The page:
I’ve accumulated enough credit card points for a free flight to Europe, and I think I’m going to aim to do a trip this fall.  It would be the first time I’ve booked an international trip (other than a short beach getaway) knowing that I’m not feeling so great.  Given that I’m just working casual I don’t have to worry about booking off vacation time advance, so I can leave it until relatively last minute to make a decision.  I’ve seen from past experience that I can get by travelling when unwell, so it may be a good idea to push myself to do something that I might actually end up enjoying  Stay tuned.


Image credits:

Christine Roy on Unsplash

ty_yang on Pixabay

Psych meds 101: Sleep meds

pills beside a glass of water

This is the last in the psych meds 101 series; I’ve previously posted about antidepressants, antipsychotics, mood stabilizers, and anti-anxiety meds, drawing on my perspective as a mental health nurse, former pharmacist, and person with depression.

While some of these meds are used  primarily for sleep, many have other uses as well.  The choice of medication for any given person will be based on their diagnosis among other factors, and sleep aids may no longer be necessary once the underlying mental illness is well controlled.


I covered these in more detail in my previous post on anti-anxiety meds.  The choice of benzo will depend on whether you want it more for getting to sleep or staying asleep (i.e. shorter or longer acting).  I’ve found clonazepam, which is long-acting, to be helpful in the past when I was having problems with waking up early.

Oxazepam and temazepam do not have the same degree of anti-anxiety effect as other benzos, but they are useful for sleep because their half-lives match up pretty well with a night of sleep.  They are also are cleanly metabolized, meaning they don’t leave any active metabolites sticking around that can cause a hangover-type effect.  The key thing to be aware of when using benzos for sleep is that if you use them regularly you will develop a tolerance and they’ll become less effective.


The so-called Z-drugs include zopiclone and zolpidem.  Their main therapeutic use is for sleep.  Like benzos, they act on GABA receptors (GABA is a calming neurotransmitter), but they act at a different site and cause different changes in the receptor.  As a result, they are less likely to result in dependence, tolerance, or withdrawal symptoms.  I’ve had moderate success taking zopiclone in the past, but I’ve needed 15mg rather than the most common dose of 7.5mg.


Histamine does a number of things in the body, but in the brain it promotes wakefulness.  Blocking H1 histamine receptors results in a sedative effect.  Most over-the-counter sleep medications include diphenhydramine, which is the drug found in Benadryl to treat allergies.  A downside of H-1 histamine blockers is that they can cause weight gain when used long-term.

A lot of the prescription medications that may be used for sleep block H1 receptors in addition to whatever their primary therapeutic purpose might be.  Trazodone is an antidepressant that’s used more often for sleep than as an antidepressant.  It’s used for sleep generally at doses of 50-150mg, and needs to be taken at higher doses for an antidepressant effect.  Tricyclic antidepressants like amitriptyline are quite sedating, as is mirtazapine.  Interestingly enough, mirtazapine is most sedating at lower doses, and at higher doses becomes more activating.  For me the sweet spot seems to be at 30mg.  Antipsychotics that affect H1 receptors may also be used for sleep, such as methotrimeprazine and quetiapine.  Quetiapine extended release can be useful if early morning awakening is a problem.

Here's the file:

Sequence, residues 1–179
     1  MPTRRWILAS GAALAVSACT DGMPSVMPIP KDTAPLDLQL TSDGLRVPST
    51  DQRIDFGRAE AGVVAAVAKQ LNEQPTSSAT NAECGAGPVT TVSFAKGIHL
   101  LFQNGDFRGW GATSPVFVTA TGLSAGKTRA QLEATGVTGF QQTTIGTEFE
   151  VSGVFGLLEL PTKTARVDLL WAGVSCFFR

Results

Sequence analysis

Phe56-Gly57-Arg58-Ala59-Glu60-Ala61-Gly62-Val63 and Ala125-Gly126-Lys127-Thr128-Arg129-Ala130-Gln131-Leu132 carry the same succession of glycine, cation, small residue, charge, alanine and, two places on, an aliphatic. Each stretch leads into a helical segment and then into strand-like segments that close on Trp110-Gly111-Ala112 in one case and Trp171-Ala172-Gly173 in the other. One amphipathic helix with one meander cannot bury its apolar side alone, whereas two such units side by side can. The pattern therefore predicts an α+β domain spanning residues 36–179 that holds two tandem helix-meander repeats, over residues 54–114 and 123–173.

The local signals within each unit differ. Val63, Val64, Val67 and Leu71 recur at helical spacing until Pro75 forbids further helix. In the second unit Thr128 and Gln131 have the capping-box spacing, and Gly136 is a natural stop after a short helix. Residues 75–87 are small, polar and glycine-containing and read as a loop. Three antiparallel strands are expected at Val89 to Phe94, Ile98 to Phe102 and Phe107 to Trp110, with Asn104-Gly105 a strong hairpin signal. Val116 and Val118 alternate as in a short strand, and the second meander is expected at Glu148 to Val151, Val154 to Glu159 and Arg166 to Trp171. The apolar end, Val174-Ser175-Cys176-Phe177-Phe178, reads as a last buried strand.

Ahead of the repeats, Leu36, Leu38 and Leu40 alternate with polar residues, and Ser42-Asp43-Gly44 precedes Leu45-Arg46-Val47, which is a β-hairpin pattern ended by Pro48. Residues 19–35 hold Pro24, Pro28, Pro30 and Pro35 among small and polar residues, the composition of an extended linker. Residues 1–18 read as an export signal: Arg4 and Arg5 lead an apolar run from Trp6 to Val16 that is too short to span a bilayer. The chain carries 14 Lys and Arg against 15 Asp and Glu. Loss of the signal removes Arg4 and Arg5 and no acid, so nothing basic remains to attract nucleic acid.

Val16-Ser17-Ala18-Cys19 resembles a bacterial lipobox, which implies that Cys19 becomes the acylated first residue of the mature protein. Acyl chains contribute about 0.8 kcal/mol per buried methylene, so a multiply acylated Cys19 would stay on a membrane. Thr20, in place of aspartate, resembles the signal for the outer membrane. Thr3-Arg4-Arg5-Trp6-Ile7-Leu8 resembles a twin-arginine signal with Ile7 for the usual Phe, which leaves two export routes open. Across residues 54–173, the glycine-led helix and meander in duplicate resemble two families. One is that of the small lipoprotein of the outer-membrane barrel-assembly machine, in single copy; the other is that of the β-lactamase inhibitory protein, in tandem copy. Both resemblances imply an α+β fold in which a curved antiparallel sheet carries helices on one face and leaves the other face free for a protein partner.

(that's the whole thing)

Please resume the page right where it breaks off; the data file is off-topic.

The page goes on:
Gabapentin is an option but not necessarily the most effective one.  It would tend to be most appropriate for someone who would also benefit from its other therapeutic effects, e.g. for neuropathic pain or anxiety.


Prazosin isn’t a sleep medication per se; however, for people with PTSD it can help tone down nightmares and thus improve sleep.  It blocks alpha-1 adrenergic receptors, slowing down some of the sympathetic nervous system fight-or-flight-related activity.


Melatonin is a hormone that is naturally produced by the pineal gland in the brain, and it’s involved in regulating the Circadian rhythm, i.e. sleep-wake cycle.  For some people melatonin supplements work well, such as people whose circadian rhythm gets disrupted by things like shift work.  For other people, taking melatonin doesn’t do much of anything; I happen to fall into this category.  Ramelteon is a drug that stimulates the same receptors as melatonin does, but I’ve never actually seen it used; melatonin is cheaper and more readily available.

Valerian root

This is a herbal product that may have some sort of activity at GABA receptors, although it’s not clear what exactly this is.  There isn’t a lot of evidence to back up its effectiveness, but it’s worth being aware of as a non-drug option.  I’ve tried it and personally didn’t find it helpful.


There are a variety of other non-drug options that are worth giving consideration to.  Tryptophan is an amino acid that is a precursor for serotonin production.  It’s the substance in turkey that’s associated with drowsiness, and can be taken as a supplement to promote sleep.  Herbal teas, particularly those containing chamomile, may be helpful.  There are also certain substances that it may be be best to avoid; caffeine is an obvious one, but perhaps not so obvious is alcohol.  Alcohol may help you get to sleep, but it decreases sleep quality and makes it more likely you will wake up during the night.  Sleep hygiene is very important, but I’ll address that in another post.